Train travel is a paradox. It takes great hunks of time, especially here in the West where the distances between things are measured in hours and days, not minutes. It cuts me off from the everyday world of phone calls, emails, the Internet. It is a rhythm and flow. I find myself lingering by the window, transfixed by the expanses. Sure, the train travels at “speed” as often as the railroad allows it—seventy-nine miles-per-hour, nothing to write home about, but not a crawl either. Distant things maintain sharpness and rigidity, while the details of the nearby become a blur. Driving I am usually too alert to notice that blur, but on the train, it washes over me.
Yet the train is not a solitary form of travel. I tend to bristle if I get seated with someone who wants to talk too much, but I always enjoy the morning breakfast. Since I don’t sleep well in a coach seat, I tend to get up as soon as the dining car opens—typically 6:00 a.m. Get up, walk back through the gently rocking cars. Around the feet of sleeping passengers sprawled sideways across two seats. Past the old lady who cannot get a wink and is quietly reading. Past the children piled atop each other, huddled under a blanket. A series of doors open and close in 80-foot intervals, like the beginning of Get Smart!, and then its the diner. As is always the case on Amtrak, seating is communal, and I typically get seated with a couple—usually sleeping car passengers who are taking advantage of their complimentary meal—and another single passenger like myself. The small talk is small, and pauses, sometimes awkward, are frequent, but there is a simple humanity to the silverware striking the plates, the sipping of coffee and orange juice and tea, the taste of the serviceable but unremarkable breakfast. Sure we mean little to nothing to each other, sitting across that table, but for the length of our joint journey, we are a community, and no matter how pro-forma the conversation, I take pleasure in it; its civility refreshes.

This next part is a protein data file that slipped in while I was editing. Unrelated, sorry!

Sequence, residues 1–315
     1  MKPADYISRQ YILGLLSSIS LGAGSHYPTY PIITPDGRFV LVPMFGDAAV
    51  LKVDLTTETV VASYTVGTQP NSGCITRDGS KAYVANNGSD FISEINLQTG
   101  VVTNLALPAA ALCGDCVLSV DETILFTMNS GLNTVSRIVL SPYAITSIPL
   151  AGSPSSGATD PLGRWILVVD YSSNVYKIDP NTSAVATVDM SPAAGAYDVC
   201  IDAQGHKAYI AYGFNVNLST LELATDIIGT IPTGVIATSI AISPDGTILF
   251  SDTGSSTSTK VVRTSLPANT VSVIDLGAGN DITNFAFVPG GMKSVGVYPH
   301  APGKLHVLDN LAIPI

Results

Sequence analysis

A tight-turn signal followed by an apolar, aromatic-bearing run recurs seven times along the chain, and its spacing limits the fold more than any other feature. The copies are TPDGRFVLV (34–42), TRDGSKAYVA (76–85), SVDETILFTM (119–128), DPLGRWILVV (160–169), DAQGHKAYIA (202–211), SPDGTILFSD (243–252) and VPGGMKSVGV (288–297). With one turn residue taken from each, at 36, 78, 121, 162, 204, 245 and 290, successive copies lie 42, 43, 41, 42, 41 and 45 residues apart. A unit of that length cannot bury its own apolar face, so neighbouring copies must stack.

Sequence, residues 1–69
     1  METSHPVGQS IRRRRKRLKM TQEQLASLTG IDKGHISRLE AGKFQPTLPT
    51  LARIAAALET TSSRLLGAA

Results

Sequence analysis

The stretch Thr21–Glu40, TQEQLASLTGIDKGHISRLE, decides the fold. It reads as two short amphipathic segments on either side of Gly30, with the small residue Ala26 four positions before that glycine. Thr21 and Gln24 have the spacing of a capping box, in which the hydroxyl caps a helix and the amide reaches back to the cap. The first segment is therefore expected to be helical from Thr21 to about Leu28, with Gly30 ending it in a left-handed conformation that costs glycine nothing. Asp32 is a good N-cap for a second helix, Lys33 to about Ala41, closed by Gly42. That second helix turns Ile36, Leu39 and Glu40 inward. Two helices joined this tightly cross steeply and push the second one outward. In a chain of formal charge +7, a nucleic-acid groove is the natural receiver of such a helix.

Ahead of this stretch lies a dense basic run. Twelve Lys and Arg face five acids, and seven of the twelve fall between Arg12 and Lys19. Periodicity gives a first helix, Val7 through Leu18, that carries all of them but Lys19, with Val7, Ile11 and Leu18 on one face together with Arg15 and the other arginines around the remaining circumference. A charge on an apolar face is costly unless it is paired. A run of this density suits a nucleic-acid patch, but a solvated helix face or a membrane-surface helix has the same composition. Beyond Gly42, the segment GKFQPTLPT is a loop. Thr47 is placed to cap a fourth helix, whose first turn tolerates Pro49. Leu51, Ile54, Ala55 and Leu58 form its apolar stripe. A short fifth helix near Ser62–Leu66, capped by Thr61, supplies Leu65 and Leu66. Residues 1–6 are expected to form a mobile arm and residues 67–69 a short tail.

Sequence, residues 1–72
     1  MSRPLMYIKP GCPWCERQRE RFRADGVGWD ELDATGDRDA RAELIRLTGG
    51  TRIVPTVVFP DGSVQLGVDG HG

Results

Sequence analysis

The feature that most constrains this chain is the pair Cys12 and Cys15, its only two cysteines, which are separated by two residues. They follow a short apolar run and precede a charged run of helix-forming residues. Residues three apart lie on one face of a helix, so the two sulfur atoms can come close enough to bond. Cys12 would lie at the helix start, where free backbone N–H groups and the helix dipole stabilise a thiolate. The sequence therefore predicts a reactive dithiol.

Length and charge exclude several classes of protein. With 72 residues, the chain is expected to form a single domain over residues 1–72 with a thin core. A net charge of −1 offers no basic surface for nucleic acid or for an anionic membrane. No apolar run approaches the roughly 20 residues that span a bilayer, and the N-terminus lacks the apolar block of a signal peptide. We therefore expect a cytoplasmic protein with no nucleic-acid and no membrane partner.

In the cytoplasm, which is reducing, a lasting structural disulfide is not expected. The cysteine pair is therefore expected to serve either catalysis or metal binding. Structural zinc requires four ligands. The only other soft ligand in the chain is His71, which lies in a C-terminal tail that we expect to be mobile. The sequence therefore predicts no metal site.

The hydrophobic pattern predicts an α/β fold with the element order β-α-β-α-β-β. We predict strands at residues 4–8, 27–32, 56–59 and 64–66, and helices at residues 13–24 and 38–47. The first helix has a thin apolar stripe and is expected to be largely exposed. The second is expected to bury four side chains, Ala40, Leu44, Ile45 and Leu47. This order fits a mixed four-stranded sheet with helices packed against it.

I don’t know how many times I have travelled between Oregon and California by train. I admit that I am too often in a hurry, I too often leap for the airline ticket and the promise of semi-instant arrival, and don’t ride Amtrak’s Coast Starlight as much as I used to. Still, it is how I arrived in the state, how I made the beginning of my odd pilgrimage to the University of California (with all of my irrational, sentimental reasons for doing so), and on that journey, I recall looking out to the west, where the Cascade Range was now backlit by the dying sunlight, out beyond the pinnacle of Mount Thielsen, while the present/foreground melted away at speed.
79 Miles Per Hour. Watercolor and ink on paper, 8.5 x 13.75 inches, 2016.